Collective bargaining, in the first instance, is not the answer here. It will destroy the industry. It’s just the complicated response we have taken to a simple problem, being milk pricing and an inefficient and high cost-processing sector, whose product mix does not suit the milk supply curve they have pushed farmers into. The processors do not have the price premium to pay for it so they put that on to farmers to shoulder. That has to stop, but collective bargaining is not the answer to this. It should only be the last resort.
Going down this path will just make life more complicated and add costs to what is already a flawed process and pricing structure that farmers will bear the costs of. All the money for this is coming from the one milk pool. We would just be pitting farmer against farmer. It will turn out to be an arms race that cannot be won. It’s a race to the bottom.
The other part of this equation regarding collective bargaining is the stability of these groups, because, if it’s good for one group of farmers then it will be seen as good for all and the fear of missing out will amplify their uptake without much regard for their long term benefit or costs. How stable will these be regarding membership is also in question. This, if left uncontrolled will have a worse outcomes than the complicated pricing structures that now plague the industry.
The other major issue is, will these collective bargaining agreements be commercial in confidence with regard to the milk price negotiated by the group? Will no one now know what each group has negotiated regarding price and conditions? Within the one processor they could now have multiple agreements with multiple bargaining groups. This will do nothing for the industry regarding fairness and equity of milk pricing. It will be a huge step backwards. As all the money for negotiating these milk pricing arrangements come out of the one milk pool related to that particular processor or processors, if they supply to multiple processors, each processor will be cross subsidizing the other processor to some extent. This whole process is fraught with danger and could destroy the industry. It may work if only a few percent of the total number of farmers head down this path but once this becomes mainstream and standard practice it is unsustainable.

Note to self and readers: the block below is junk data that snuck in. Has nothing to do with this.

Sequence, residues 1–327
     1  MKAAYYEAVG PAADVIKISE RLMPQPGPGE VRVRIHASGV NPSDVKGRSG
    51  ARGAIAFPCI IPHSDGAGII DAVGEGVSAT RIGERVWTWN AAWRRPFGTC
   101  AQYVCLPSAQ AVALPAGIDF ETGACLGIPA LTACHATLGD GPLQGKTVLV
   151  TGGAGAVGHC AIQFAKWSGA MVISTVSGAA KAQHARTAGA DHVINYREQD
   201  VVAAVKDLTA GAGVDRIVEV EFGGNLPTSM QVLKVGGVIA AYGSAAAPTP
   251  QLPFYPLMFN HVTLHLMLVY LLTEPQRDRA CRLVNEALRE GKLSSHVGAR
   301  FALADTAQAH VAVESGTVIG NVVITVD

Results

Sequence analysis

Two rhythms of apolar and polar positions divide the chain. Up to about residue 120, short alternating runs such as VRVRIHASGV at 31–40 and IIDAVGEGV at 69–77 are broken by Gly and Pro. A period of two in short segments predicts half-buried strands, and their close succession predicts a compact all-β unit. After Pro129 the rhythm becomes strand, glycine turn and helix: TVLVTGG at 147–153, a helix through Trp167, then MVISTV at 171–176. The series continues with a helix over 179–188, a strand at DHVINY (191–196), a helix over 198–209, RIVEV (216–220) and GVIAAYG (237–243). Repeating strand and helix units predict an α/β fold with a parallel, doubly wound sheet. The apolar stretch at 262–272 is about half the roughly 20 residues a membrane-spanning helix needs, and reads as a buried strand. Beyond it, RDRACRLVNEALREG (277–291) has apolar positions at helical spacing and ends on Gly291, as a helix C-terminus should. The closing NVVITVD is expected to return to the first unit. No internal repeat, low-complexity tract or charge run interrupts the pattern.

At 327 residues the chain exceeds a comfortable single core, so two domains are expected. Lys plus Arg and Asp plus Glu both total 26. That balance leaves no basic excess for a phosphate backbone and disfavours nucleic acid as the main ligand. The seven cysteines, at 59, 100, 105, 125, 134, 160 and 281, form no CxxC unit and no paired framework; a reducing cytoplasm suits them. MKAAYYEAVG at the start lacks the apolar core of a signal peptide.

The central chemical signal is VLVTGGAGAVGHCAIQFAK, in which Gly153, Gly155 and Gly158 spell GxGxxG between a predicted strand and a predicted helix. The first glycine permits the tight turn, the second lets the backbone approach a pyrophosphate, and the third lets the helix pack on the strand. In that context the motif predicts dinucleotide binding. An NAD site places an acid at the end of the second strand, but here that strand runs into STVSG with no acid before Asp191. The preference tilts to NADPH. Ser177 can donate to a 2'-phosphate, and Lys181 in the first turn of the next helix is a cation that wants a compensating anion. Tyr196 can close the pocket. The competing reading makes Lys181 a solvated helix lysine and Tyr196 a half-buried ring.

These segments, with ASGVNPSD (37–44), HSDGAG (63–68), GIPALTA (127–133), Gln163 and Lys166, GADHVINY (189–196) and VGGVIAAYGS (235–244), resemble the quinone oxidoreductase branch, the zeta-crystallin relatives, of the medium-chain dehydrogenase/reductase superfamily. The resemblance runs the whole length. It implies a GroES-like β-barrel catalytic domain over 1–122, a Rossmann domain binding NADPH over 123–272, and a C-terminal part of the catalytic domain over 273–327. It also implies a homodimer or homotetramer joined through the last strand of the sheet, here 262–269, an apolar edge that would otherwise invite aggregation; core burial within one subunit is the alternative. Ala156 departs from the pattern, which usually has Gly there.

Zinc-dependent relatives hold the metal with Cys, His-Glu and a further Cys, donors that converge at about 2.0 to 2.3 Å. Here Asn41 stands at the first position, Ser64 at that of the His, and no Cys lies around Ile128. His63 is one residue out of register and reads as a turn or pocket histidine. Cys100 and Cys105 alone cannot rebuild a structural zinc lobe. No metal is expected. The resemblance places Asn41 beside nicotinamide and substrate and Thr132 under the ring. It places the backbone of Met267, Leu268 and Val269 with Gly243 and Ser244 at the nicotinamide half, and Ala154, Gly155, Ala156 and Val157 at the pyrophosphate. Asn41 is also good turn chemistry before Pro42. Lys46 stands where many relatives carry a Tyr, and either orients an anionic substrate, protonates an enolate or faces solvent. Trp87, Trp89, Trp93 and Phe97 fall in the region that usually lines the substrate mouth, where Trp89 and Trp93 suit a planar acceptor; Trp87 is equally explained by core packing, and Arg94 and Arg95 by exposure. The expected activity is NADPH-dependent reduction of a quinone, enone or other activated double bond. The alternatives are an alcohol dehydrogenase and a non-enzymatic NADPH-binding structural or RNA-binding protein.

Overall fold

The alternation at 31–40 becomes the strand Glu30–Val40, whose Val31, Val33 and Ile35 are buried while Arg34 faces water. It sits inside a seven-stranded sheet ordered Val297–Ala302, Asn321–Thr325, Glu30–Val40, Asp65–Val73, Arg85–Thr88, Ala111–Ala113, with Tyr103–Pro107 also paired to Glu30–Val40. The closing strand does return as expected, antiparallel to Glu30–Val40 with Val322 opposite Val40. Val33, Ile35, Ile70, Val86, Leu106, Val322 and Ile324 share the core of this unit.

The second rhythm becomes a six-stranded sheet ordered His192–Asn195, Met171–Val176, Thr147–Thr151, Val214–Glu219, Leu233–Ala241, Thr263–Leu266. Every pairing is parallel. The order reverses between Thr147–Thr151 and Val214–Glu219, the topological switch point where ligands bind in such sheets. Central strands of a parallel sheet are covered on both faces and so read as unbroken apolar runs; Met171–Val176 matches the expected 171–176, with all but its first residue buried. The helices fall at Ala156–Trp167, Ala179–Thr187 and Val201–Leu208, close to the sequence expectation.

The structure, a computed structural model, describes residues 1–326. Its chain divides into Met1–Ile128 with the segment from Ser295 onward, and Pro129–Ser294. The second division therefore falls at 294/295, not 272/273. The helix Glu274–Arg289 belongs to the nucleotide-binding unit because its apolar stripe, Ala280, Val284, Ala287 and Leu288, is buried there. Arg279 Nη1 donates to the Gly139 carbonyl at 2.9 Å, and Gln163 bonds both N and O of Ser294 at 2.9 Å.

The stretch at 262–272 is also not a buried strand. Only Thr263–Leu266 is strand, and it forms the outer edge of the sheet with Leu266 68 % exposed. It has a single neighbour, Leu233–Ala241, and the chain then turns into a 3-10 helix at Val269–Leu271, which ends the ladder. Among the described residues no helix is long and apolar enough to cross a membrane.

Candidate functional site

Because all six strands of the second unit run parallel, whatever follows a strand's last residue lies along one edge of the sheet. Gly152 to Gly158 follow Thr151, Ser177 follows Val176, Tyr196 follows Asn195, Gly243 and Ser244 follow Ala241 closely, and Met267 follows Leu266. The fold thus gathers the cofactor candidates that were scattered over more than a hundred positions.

This then leads to the next logical step in this process. This then leads to the logical end point, that we should look at an all encompassing collective bargaining arrangement for the whole southern milk pool similar to the French model, namely a milk supply co-op. But it has to also take into account what has happened in the liquid milk states or what’s left of them, because their needs are not quite the same as what we require in the south but we need to work with them, help them and not forget them as we have for far too long. An emphasis on being selfish to achieve the cost of production plus a 15/20/25 /50 /75% margin for profit. Take your pick.
If this industry is to survive, no one’s milk is worth more than the next person’s milk, no matter how big or small they are, just because your ego says you want more money for your milk because in some way you are more special and deserve more or are more deserving than the next dairy farmer. It will kill the industry very quickly if these games continue. So the processors will just keep pandering to these egos and split and confuse the industry in the game they play of pinching each other’s milk, rather than doing what’s necessary to grow the industry or make it more profitable long term, for both farmers and processors?
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